What prevented it from being finished?

The road was proposed as a four-lane "beltway" around the city to ease north-south traffic. The Southern Connector was to have run through a wetland next to the Pine Street Barge Canal, but the area was found to be contaminated by an old gas works. The locale was named Vermont's first Superfund cleanup site in 1981, and highway work ground to a halt.

During the 1990s, various design changes slowed the Connector's progress.

What's changed?

The $35 million project has two lanes instead of four. A 12-foot-wide turning lane that had been planned for the road's center will move to the edges to make access easier and safer for bicyclists and pedestrians.

When will it be completed?

Construction is scheduled to begin in 2004, starting with the Shelburne Road end of the road. A piece built in 1987 and 1988 must be reconstructed. Most of the northern end of the Connector is scheduled for construction in 2005. Traffic should flow on the road in 2006.

Who is paying?

The federal government is covering about 95 percent of the costs. The state is responsible for about 3 percent, while the city of Burlington will pay 2 percent.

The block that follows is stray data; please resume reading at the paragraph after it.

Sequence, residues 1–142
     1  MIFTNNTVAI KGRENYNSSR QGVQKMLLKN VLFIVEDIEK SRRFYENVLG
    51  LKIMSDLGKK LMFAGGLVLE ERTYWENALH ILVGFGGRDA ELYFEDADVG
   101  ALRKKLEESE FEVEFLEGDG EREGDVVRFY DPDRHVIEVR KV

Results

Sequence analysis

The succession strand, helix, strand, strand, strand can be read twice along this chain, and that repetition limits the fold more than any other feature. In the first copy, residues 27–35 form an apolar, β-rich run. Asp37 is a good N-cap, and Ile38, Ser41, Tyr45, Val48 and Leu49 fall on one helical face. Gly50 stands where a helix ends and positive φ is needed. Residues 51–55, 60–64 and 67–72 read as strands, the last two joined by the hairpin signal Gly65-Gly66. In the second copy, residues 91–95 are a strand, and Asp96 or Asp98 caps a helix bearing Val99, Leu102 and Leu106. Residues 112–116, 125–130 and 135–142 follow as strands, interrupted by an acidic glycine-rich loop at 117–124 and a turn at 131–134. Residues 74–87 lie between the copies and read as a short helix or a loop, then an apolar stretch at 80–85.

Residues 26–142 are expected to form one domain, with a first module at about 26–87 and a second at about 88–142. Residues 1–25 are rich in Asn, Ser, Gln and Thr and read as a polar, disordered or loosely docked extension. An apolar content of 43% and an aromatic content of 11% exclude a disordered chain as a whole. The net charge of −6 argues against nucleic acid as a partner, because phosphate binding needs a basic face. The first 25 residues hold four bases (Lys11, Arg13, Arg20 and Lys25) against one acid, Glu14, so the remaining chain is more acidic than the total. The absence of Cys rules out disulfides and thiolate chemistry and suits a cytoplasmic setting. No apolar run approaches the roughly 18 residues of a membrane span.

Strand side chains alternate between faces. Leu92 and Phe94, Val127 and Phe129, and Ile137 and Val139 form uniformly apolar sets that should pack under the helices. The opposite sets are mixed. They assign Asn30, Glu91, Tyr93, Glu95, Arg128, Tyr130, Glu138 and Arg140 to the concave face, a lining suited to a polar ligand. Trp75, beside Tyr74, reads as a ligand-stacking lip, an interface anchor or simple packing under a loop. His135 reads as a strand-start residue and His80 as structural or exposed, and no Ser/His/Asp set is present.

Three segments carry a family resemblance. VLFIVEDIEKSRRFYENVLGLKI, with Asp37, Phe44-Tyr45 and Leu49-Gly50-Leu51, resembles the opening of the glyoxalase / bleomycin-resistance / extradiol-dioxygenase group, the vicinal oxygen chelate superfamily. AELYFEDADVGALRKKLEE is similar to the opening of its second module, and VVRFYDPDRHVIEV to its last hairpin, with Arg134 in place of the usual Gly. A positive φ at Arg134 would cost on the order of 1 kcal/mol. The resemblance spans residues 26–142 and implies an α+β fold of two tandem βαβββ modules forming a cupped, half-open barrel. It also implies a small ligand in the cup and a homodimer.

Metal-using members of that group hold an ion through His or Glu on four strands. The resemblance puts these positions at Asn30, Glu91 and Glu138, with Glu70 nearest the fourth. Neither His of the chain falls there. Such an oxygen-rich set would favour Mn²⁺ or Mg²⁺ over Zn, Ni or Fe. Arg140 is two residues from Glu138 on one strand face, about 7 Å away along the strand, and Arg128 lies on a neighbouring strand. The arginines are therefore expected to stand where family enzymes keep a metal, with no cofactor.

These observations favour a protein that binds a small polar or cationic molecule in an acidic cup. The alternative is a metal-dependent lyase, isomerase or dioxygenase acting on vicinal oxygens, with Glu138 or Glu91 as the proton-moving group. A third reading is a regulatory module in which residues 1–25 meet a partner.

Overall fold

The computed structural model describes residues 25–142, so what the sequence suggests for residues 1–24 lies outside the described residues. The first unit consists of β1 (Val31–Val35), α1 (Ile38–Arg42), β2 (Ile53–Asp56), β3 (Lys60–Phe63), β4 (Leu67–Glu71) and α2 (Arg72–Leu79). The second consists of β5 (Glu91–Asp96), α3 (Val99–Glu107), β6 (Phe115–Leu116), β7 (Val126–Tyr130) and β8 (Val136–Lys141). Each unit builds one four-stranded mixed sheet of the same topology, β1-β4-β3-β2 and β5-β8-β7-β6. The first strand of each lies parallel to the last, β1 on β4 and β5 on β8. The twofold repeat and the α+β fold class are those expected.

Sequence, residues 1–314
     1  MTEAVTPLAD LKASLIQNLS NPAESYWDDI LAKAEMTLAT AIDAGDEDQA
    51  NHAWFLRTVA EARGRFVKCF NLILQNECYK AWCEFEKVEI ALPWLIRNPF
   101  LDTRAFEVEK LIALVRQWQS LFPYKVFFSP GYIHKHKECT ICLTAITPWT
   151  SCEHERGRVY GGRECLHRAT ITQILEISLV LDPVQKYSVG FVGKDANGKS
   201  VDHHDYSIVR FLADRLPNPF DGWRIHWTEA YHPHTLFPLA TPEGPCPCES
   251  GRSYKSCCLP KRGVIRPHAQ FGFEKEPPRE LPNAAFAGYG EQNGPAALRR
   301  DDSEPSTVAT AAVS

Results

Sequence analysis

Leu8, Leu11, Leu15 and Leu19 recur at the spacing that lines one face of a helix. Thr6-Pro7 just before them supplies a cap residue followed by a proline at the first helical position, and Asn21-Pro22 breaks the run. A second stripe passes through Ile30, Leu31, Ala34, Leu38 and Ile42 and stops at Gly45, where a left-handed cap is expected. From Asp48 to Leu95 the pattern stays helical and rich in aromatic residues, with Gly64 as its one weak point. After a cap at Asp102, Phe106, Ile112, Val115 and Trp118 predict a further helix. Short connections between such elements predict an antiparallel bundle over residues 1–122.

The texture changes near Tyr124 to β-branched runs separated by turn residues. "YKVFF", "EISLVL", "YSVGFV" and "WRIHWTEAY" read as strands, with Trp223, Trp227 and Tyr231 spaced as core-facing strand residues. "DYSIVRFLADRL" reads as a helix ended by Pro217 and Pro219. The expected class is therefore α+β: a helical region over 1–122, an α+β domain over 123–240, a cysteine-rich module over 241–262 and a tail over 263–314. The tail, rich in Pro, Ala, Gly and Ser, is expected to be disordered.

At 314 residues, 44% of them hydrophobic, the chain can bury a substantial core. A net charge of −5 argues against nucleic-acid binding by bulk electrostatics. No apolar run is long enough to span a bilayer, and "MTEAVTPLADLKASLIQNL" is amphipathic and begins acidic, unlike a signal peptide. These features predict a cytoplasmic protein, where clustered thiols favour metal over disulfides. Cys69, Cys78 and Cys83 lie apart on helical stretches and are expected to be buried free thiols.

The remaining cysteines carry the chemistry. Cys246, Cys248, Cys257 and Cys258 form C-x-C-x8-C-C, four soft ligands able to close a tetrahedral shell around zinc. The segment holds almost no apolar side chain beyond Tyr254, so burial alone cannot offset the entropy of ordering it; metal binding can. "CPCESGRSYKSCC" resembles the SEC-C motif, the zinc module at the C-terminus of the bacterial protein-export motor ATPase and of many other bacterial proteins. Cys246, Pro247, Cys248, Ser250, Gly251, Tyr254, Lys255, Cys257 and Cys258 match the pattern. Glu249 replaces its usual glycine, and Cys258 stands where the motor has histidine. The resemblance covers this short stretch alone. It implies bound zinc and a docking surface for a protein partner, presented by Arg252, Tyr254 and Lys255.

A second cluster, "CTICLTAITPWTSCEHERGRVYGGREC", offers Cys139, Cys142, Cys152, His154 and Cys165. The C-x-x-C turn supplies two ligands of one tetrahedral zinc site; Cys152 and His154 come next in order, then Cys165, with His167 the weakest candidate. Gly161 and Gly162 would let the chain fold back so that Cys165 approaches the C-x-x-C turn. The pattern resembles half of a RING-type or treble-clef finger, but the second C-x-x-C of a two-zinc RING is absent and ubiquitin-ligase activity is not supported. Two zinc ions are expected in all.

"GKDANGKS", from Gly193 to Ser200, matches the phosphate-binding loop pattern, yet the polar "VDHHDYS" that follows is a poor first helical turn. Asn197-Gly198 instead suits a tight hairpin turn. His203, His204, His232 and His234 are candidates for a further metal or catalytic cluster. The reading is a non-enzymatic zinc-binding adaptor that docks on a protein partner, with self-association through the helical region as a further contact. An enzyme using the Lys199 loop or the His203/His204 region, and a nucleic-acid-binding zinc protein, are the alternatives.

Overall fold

Pro and con:

Robert Gold, who lives near Pine Street, said he worries the new road will make congestion even worse for him and his neighbors. "They ought to turn it into a tennis court," he said.

Susan Greene, a Shelburne commuter, said: "We have waited patiently for better access to Burlington."

From The Burlington Free Press

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Wow, that is alot of activity in Burlington. 114 hotel rooms and 32 condos is a relativity huge project as well as the highway project. I'm not sure about trying to create a DT from scratch, though it will be interesting to see the results.

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I'm glad they've revisited the Southern Connector and come to a more sensible project. It was origianlly to be a four lane interstate highway (189) running along the city's waterfront, we all know what expressways do to waterfronts. The added traffic capacity is needed, it's good that it will be a grade-level road and not an expressway.

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Main Street Landing

LOCAL UPDATE: Waterfront development